Novel Approaches to ID Testing Using NGS-Based Metagenomics


Metagenomics, the genomic analysis of a population of microbes, enables the profiling of microbial communities in the environment and the human body at unprecedented depth and breadth. Its application in the diagnosis of infectious disease is enabling the rapid and accurate detection of thousands of pathogens in patient samples without the need for clinicians to suspect the likely cause and order the right test. This lecture discusses approaches, promises, and challenges for the use of metagenomics-based testing in the diagnosis and management of infectious syndromes.

Originally presented on March 20, 2018, in Salt Lake City, Utah.

Lecture Presenter

Robert Schlaberg, MD, Dr Med, MPH

Robert Schlaberg, MD, Dr Med, MPH

Medical Director, Microbial Amplified Detection, Virology, and Fecal Chemistry Laboratories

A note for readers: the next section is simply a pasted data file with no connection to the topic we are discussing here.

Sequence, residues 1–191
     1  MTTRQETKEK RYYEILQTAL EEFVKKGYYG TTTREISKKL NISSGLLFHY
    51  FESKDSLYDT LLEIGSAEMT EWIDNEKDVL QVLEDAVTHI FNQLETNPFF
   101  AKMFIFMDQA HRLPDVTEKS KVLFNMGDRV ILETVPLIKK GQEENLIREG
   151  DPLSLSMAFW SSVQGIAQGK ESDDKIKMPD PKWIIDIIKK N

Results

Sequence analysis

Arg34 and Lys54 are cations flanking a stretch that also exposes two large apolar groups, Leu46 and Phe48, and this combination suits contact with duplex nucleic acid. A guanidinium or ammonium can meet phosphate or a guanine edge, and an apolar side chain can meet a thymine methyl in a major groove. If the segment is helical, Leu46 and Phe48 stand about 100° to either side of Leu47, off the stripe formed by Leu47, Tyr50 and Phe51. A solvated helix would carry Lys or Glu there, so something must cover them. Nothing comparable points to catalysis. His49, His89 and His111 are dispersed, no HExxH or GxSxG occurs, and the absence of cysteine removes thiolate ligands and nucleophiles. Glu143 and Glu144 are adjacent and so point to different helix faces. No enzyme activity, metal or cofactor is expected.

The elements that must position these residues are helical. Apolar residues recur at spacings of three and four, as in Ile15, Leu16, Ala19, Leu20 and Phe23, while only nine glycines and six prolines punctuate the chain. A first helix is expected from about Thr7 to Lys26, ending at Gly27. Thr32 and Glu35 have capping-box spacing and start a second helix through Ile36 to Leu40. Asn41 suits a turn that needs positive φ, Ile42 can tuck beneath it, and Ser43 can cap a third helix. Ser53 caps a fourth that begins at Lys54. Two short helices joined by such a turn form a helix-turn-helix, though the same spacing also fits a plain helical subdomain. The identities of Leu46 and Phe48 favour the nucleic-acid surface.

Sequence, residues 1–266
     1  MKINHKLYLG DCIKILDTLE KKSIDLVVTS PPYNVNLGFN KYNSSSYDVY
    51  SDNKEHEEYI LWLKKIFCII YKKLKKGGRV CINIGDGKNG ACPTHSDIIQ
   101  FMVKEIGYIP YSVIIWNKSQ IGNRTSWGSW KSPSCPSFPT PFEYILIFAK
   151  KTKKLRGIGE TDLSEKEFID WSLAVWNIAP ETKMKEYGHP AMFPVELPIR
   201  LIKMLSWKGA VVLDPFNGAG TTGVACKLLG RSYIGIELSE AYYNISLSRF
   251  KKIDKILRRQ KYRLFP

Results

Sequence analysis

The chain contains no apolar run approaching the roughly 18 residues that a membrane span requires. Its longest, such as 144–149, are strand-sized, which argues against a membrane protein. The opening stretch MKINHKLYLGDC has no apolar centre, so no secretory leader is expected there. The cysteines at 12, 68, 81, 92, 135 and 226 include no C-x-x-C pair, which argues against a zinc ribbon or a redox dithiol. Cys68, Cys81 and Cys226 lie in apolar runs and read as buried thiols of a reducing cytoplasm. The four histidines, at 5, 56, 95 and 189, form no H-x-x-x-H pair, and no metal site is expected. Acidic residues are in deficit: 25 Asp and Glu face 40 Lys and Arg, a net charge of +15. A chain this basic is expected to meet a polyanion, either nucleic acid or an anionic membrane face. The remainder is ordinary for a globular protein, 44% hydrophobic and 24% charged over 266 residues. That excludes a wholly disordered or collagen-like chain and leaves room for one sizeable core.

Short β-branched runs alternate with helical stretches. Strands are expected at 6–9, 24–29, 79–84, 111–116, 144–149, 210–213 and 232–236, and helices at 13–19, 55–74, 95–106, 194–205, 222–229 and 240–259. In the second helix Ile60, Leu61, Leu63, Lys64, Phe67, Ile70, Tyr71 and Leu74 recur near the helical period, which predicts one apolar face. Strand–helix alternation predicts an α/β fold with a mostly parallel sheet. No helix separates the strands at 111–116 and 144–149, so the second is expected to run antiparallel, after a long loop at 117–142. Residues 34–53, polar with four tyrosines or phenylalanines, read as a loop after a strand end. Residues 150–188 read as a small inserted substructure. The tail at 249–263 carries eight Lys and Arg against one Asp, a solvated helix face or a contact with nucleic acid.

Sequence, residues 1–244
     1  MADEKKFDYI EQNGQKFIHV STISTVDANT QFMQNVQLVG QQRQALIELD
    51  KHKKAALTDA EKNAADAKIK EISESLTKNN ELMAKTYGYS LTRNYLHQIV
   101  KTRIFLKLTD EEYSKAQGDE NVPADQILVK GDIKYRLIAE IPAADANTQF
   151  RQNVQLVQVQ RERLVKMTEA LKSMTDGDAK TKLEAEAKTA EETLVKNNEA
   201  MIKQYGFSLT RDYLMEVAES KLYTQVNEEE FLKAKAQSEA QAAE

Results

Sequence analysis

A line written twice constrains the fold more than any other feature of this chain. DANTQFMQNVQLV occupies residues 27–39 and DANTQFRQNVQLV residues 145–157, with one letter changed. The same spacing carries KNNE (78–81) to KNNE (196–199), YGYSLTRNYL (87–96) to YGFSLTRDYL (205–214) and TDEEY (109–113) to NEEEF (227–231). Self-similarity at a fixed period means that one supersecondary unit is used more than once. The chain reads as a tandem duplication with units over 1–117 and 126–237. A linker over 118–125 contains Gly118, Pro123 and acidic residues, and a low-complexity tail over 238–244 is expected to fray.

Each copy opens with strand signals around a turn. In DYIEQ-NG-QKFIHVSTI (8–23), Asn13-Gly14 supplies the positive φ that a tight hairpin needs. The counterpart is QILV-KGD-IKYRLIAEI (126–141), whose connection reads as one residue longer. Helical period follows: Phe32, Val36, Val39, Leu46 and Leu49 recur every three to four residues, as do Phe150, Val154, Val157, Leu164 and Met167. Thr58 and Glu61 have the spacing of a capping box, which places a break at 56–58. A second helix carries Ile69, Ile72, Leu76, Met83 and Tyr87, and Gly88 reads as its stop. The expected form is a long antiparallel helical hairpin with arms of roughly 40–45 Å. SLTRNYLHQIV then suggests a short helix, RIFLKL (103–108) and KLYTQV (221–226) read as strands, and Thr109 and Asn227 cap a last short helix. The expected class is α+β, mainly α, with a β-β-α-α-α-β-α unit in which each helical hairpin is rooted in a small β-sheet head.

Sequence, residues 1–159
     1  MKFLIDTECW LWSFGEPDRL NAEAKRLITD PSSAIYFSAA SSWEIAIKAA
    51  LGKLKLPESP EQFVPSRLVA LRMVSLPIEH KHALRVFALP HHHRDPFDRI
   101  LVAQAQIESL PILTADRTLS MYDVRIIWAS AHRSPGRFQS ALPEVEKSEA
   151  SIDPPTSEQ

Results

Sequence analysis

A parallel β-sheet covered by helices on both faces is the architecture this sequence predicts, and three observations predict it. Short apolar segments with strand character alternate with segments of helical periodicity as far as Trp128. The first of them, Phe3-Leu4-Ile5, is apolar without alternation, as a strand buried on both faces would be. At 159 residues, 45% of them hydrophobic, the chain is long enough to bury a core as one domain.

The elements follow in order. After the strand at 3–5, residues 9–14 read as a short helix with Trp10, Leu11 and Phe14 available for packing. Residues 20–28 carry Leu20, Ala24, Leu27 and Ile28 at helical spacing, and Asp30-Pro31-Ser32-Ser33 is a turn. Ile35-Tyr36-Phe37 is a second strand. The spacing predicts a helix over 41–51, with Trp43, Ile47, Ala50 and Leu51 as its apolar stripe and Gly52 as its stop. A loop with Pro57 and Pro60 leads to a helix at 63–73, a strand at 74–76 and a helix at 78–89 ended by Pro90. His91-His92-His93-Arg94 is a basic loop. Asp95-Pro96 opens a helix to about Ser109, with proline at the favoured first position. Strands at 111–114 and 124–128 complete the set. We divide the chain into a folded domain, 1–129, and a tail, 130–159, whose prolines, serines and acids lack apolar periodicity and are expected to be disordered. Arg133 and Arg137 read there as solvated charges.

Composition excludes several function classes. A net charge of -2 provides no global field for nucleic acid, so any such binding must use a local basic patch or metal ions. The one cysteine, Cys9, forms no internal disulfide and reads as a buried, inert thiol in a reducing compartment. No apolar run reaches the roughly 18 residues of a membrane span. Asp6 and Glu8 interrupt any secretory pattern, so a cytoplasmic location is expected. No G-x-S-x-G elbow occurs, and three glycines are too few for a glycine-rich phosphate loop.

ARUP Laboratories
Assistant Medical Director, Molecular Infectious Disease Laboratories
ARUP Laboratories
Assistant Professor of Clinical Pathology
University of Utah School of Medicine

Dr. Schlaberg is an assistant professor of pathology at the University of Utah School of Medicine. He received his MD and doctor medicinæ degrees at the Julius-Maximilians-University in Wuerzburg, Germany and his master of public health at the Mailman School of Public Health at Columbia University in New York City, where he also served as a postdoctoral fellow. Dr. Schlaberg trained in clinical pathology at the Columbia University College of Physicians & Surgeons, where he was the chief clinical pathology resident. He is certified in clinical pathology and medical microbiology by the American Board of Pathology. His research focuses on the use of next-generation sequencing for unbiased pathogen detection and host response-based diagnostics.


After this presentation, participants will be able to:

  • Describe concepts of pathogen detection by metagenomic sequencing.
  • Summarize how metagenomics can be applied to infectious disease testing.
  • Identify strengths and limitations of metagenomic testing from a clinical perspective.

Sponsored by:

University of Utah School of Medicine, Department of Pathology, and ARUP Laboratories